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First black woman in space offers message to Madison

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MADISON (WKOW) -- “Persevere,” a message that trailblazing astronaut Dr. Mae Jemison shared with hundreds of people at Union South on the UW-Madison campus Tuesday night.

Jemison who served six years in NASA and is the founder of two medical technology companies shared her experiences in the math and science field and how she overcame barriers.

“I had professors who were not thrilled to see me in class. It was the first time anyone questioned my intellectual capacity,” Jemison said.

Her message to students and community members who are questioning their belonging in the science, technology, engineering, and math fields is quite simple, keep going and never hold yourself back.

“My biggest thing is knowing that you should be there, and we need you, and the world needs your contributions,” Jemison said.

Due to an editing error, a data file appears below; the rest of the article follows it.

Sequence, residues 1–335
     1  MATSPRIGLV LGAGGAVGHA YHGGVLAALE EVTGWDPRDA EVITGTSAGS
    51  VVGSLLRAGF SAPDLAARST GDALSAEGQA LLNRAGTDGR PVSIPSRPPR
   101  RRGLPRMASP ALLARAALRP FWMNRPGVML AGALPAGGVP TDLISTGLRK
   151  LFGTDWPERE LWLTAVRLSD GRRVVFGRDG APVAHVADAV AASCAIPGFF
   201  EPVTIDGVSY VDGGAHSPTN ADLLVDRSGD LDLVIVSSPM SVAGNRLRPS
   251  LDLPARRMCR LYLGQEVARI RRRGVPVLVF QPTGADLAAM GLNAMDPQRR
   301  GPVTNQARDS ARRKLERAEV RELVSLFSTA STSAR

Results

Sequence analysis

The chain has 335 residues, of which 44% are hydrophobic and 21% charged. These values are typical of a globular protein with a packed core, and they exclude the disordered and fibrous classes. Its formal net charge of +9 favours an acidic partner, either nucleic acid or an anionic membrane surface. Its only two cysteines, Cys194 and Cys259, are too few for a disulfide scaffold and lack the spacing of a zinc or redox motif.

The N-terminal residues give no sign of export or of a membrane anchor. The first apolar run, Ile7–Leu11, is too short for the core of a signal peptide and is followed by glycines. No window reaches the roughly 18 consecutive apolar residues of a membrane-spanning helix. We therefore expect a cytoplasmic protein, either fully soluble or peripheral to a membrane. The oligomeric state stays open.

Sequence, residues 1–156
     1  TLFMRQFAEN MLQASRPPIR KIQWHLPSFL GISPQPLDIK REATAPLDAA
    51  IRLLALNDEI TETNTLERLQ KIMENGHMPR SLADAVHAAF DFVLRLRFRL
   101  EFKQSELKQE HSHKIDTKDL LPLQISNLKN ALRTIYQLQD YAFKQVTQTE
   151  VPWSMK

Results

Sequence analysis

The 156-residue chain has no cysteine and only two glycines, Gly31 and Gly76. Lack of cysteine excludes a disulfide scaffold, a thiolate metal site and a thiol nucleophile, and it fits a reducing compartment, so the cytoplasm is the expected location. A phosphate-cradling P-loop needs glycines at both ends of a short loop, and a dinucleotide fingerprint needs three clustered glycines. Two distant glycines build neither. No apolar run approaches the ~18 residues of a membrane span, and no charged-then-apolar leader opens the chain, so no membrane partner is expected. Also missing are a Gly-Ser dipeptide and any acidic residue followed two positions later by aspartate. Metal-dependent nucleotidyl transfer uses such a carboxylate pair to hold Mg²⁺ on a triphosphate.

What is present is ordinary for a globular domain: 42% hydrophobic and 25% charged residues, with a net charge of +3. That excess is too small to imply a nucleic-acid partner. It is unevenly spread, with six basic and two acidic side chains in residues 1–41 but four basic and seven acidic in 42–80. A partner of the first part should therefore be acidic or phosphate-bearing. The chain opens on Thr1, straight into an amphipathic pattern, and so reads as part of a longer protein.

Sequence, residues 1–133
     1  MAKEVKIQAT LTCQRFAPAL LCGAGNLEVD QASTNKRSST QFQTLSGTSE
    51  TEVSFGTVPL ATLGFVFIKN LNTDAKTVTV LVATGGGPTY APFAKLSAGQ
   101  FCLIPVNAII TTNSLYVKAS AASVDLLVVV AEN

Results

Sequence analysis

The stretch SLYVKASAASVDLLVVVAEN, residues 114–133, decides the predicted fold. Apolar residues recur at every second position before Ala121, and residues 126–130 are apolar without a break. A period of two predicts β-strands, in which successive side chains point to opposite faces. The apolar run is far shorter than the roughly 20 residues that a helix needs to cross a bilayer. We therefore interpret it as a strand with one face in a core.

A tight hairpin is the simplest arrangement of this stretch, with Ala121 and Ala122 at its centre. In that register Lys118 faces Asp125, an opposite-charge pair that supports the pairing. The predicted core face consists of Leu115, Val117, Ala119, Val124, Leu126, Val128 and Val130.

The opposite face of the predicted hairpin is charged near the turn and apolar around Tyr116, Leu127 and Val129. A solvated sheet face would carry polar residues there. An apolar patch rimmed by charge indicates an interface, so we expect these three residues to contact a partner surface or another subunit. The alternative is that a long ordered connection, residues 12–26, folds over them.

Additionally, Jemison mentioned the number of women in computer science has gone down.

There is a recent study that shows black and Latinx students enrolled in STEM programs are switching their majors at much higher rates than their white peers.

Jemison believes in order to retain women in these fields, it's important to help and advance those already in it.

“The job is not to wear people out, it’s to develop the talent that is already with you,” Jemison said.

In advocating for these messages, Jemison also told the audience to “look up,” words that always bring some kind of hope, reminding everyone that we are all connected.

Today, Jemison works as an activist and educator for women of color in STEM fields.

Alyssa Hui

WKOW News

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